Kahana Unveils Plan to Reform Conversion System

Minister of Religious Affairs Matan Kahana. (Yonatan Sindel/Flash90)

Religious Services Minister Matan Kahana on Wednesday unveiled his government-backed proposal to reform the state-sponsored process for conversion.

Submitting an official memorandum of the plan, Kahana called the proposal “a historic opportunity that we must not miss.”

Kahana said there are 450,000 people living in Israel who have Jewish ancestry but are not considered Jewish under halachah, mostly immigrants from former Soviet Union countries. The proposed legislation, he said, “is the only way to deal with this challenge.”

Referring to the pushback the plan drew before it was even presented, Kahana said: “I try to be coordinated with the Chief Rabbis. Unfortunately, this coordination does not always go smoothly.”

Currently, state-recognized conversions to Judaism are controlled by the Chief Rabbinate. There are only several dozen Rabbis and four conversion courts in the country that can legally perform conversions to Judaism.

Converts to Judaism who move to Israel but whose conversions are not recognized by the Chief Rabbinate cannot marry in Israel, as the Rabbinate controls marriages. Reform and Conservative conversions performed in Israel have not been recognized for years.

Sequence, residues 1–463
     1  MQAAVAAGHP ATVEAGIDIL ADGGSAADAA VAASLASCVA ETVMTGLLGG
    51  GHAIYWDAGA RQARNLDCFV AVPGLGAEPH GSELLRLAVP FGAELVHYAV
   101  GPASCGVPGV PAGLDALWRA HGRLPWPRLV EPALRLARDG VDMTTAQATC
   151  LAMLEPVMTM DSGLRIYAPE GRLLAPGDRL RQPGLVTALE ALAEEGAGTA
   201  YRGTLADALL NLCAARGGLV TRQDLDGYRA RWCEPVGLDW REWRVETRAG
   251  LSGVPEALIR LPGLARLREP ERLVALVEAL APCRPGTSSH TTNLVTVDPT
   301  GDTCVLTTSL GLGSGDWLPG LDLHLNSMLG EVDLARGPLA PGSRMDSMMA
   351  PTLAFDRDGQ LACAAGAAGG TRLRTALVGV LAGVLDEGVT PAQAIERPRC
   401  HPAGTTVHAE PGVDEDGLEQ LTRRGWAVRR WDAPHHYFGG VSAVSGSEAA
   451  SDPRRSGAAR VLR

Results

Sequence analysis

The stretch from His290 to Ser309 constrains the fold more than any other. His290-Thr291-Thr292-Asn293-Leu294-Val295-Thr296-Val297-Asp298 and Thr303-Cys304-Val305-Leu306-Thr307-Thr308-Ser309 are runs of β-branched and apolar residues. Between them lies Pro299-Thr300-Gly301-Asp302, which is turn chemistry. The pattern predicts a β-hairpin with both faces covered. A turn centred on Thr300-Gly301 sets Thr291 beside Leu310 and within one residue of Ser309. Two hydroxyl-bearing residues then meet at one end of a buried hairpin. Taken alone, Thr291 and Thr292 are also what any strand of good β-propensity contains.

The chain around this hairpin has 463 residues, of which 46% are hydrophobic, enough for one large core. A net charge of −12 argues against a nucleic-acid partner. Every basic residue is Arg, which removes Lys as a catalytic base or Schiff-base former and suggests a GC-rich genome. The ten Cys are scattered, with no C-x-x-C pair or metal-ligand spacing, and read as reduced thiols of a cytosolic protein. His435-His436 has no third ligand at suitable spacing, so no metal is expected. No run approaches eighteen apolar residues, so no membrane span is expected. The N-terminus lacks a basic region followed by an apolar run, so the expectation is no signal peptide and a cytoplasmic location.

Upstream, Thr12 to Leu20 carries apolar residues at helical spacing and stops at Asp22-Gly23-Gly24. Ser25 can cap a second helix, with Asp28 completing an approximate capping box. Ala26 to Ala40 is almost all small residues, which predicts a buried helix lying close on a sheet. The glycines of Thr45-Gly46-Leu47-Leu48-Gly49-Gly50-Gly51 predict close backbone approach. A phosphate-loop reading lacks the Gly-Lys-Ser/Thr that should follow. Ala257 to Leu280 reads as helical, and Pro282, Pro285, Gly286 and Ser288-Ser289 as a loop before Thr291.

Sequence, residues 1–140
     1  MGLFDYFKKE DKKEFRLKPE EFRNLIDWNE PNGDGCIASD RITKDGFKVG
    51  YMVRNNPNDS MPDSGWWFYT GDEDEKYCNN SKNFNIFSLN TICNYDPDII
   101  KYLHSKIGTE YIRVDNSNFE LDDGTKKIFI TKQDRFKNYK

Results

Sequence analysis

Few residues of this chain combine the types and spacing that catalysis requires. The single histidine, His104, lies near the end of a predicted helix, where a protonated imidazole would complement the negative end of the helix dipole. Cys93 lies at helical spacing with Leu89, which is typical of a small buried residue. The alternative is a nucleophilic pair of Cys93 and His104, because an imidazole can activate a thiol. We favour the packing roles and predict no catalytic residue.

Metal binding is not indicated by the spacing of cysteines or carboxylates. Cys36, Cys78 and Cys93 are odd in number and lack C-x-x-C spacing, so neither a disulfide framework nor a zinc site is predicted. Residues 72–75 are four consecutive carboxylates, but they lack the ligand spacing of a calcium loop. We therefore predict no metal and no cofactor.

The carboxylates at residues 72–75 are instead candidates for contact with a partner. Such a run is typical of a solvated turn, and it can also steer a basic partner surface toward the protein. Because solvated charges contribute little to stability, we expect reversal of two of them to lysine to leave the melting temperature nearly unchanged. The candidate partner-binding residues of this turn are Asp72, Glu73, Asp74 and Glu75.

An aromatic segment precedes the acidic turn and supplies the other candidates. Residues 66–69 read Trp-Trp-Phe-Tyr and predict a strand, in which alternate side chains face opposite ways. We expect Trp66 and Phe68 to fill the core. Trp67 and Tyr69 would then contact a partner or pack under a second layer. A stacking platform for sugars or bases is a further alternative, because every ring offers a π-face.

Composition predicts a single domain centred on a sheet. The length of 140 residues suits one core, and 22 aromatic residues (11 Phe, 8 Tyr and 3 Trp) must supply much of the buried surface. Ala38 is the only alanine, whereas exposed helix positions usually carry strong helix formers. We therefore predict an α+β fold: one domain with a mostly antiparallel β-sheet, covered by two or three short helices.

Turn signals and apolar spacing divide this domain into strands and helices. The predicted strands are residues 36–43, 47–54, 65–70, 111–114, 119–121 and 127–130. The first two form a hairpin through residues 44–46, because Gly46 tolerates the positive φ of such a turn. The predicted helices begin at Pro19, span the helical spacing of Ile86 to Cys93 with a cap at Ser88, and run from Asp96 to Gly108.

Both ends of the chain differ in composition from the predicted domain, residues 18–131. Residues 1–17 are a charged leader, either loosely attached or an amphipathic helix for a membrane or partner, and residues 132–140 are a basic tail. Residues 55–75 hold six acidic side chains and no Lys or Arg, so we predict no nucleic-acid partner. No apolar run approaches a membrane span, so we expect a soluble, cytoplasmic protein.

The new proposal will enable city Rabbis to carry out conversions under the auspices of a central system and steering committee that will define the rules for conversion and monitor their implementation, making the process uniform across the country but transferring sole power away from the Chief Rabbinate.

“I trust the city Rabbis,” Kahana said.

As part of plans to make deep changes in state-controlled Jewish religious services, Kahana announced last week that conversions to Judaism will be headed by Rabbi Benayahu Brunner, who is affiliated with the liberal group, Tzohar. The move prompted outrage from chareidi MKs and the Chief Rabbis.

Ashkenazi Chief Rabbi David Lau in December threatened to stop approving all conversions if the reform is passed. Rav Lau claimed that the plan would cause a “significant rift” among the Jewish people and would require future generations to deal with the difficult question of “Who is a Jew?” The Chief Rabbi has also called Kahana’s plan a “spiritual disaster and a serious injury to the Judaism of the State of Israel.”

Rabbi Lau also opposed plans to end Rabbi Moshe Weller’s role as head of the Conversion Authority, saying that listening to the Chief Rabbi is Weller’s role.

Prime Minister Naftali Bennett’s cabinet will vote on the reform in three weeks’ time.